The requirement that all control points for a NURBS surface must topologically be positioned in a rectangular grid is a serious shortcoming. There are at least three reasons why this is a problem. First, surfaces of arbitrary topology can be represented using NURBS surfaces only by partitioning the model into a collection of individual NURBS patches. Adjacent patches are then explicitly stitched together using geometric continuity conditions. FIG. 2 shows a hand model comprised of seven NURBS surfaces. The small rectangular area is magnified in FIG. 3 to show a hole where neighboring NURBS surfaces do not match exactly. The presence of such gaps places a burden on modelers who potentially must repair a widened gap whenever the model is deformed.
A second reason why this constraint is so serious is because it typically means that a large number of NURBS control points serve no purpose other than to satisfy topological constraints. They carry no significant geometric information. Superfluous control points are a serious nuisance for designers, not merely because they require the designer to deal with more data, but also because they can introduce unwanted ripples in the surface. FIG. 1 shows a NURBS head model. Designers can waste dozens of hours on models, such as FIG. 1, in tweaking the NURBS control points while attempting to remove unwanted ripples. The darker NURBS control points are superfluous (as will be later shown in the present invention) and have been added as the result of including control points desired by the modeler that resulted in additional rows of control points.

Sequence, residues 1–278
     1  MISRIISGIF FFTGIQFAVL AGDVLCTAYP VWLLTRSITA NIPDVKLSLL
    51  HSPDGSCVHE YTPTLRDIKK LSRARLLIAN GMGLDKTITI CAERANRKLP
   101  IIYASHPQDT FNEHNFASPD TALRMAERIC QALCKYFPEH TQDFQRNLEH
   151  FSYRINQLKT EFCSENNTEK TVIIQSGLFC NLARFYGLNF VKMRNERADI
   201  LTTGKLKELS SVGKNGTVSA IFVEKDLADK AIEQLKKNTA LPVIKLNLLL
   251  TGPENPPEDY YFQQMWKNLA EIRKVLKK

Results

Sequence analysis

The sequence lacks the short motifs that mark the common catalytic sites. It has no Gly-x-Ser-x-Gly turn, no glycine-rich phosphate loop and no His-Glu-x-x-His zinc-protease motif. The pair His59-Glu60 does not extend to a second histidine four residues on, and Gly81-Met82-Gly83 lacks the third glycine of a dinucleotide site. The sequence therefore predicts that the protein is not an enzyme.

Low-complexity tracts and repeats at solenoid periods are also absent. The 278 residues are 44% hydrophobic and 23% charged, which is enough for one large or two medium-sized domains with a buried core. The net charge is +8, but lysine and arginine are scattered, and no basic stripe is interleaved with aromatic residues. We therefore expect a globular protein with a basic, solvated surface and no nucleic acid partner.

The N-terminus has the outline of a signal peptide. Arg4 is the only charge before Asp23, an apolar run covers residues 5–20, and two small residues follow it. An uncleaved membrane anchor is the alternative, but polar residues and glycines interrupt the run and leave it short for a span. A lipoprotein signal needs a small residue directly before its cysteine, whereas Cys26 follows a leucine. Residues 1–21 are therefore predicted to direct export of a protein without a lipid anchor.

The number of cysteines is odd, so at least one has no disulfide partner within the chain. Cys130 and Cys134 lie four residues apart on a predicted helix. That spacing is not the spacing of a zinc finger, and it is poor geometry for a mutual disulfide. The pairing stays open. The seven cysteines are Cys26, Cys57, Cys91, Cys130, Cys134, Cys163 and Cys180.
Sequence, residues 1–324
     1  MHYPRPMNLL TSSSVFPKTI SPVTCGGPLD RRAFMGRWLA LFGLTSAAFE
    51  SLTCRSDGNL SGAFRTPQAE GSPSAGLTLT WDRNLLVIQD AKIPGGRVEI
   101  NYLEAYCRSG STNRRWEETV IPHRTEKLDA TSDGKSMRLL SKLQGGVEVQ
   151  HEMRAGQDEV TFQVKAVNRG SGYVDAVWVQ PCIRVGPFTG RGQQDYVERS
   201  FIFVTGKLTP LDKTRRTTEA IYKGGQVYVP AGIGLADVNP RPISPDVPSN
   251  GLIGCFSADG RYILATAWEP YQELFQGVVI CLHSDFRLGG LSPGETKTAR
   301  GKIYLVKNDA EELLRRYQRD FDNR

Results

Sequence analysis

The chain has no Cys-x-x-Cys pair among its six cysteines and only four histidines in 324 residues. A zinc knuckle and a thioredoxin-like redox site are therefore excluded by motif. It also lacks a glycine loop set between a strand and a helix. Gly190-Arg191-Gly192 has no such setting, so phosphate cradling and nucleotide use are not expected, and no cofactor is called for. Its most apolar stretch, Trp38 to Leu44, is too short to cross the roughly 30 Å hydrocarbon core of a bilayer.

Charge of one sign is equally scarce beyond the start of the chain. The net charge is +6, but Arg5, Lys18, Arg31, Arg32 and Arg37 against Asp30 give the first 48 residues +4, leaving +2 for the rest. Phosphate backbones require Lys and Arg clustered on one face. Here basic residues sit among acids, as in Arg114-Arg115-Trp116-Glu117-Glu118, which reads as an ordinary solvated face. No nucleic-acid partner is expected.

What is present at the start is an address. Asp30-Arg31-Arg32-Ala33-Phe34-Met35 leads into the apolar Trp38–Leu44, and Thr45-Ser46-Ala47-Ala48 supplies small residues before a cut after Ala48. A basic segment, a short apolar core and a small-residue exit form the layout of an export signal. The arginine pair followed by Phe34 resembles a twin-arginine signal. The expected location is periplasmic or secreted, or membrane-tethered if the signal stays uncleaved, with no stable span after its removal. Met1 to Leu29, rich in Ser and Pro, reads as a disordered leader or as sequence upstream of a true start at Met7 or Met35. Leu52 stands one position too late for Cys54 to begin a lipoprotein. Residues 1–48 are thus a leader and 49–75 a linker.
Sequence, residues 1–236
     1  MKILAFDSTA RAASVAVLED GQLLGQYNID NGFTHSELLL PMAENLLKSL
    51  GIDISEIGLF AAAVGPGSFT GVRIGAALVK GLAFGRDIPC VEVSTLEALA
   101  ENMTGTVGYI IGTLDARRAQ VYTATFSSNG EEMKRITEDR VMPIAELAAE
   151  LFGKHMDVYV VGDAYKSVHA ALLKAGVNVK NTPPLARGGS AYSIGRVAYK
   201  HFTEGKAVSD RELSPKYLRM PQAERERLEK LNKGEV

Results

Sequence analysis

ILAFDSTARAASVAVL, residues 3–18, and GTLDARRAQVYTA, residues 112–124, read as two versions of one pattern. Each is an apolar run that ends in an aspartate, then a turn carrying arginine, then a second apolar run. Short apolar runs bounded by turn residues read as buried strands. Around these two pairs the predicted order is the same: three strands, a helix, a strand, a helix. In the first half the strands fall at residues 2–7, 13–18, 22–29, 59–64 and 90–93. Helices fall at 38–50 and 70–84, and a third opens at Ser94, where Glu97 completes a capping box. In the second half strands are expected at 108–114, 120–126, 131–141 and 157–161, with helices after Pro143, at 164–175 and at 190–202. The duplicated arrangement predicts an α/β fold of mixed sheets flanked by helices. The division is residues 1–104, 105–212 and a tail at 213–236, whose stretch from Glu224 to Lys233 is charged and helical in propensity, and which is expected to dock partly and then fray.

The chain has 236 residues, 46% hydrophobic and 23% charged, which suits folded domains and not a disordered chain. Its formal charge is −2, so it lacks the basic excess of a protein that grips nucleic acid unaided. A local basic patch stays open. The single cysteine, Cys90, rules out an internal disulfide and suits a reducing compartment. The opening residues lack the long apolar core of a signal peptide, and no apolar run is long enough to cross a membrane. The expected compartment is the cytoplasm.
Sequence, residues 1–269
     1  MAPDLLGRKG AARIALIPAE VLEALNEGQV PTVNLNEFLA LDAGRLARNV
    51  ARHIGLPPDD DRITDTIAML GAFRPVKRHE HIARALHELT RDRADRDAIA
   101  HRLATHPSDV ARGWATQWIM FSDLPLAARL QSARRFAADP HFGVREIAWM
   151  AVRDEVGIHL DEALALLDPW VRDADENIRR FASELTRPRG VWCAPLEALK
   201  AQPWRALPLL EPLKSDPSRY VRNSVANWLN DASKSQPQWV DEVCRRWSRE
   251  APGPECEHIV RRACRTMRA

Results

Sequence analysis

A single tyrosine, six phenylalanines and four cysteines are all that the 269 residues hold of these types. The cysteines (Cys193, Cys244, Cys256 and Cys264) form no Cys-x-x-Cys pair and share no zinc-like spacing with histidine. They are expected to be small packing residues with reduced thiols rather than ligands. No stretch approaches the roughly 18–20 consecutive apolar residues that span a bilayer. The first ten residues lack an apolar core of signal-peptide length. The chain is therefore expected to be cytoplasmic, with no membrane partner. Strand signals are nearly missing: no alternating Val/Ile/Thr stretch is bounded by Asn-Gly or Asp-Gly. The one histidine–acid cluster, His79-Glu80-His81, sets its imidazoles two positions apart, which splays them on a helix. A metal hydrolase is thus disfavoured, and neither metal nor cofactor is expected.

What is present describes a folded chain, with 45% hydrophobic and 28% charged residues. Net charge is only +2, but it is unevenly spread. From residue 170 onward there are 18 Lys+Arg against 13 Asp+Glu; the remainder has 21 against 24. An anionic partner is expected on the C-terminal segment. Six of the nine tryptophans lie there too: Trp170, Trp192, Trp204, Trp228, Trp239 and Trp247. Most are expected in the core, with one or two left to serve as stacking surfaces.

A third reason why the rectangular grid constraint is a problem is that it is not possible to insert a single control point into a NURBS control grid, but rather, an entire row of control points must be added each time a single knot insertion is performed. This means that true local refinement of NURBS surfaces is not possible, since the insertion of a single control point demands the insertion of an entire row into the control grid.
In order to further illustrate the complexities of solving the problems associated with NURBS, one attempt at solving this problem will now be addressed. In August 2001, Almaz Bakenov completed a master's thesis at Brigham Young University entitled, “T-splines: Tensor Product B-spline Surfaces with T-Junctions”. Thomas W. Sederberg, the inventor of the present invention described later in the detailed description, was the advisor for Almaz Bakenov's thesis. The Bakenov thesis represents an early attempt at resolving the problems associated with NURBS. Indeed, Thomas W. Sederberg wrestled with this problem from 1999 to 2003. Thus, we have the slightly confusing situation in which there are two significantly different concepts called T-splines: the concept later described in the present invention, and the notion of T-splines described in the Bakenov thesis.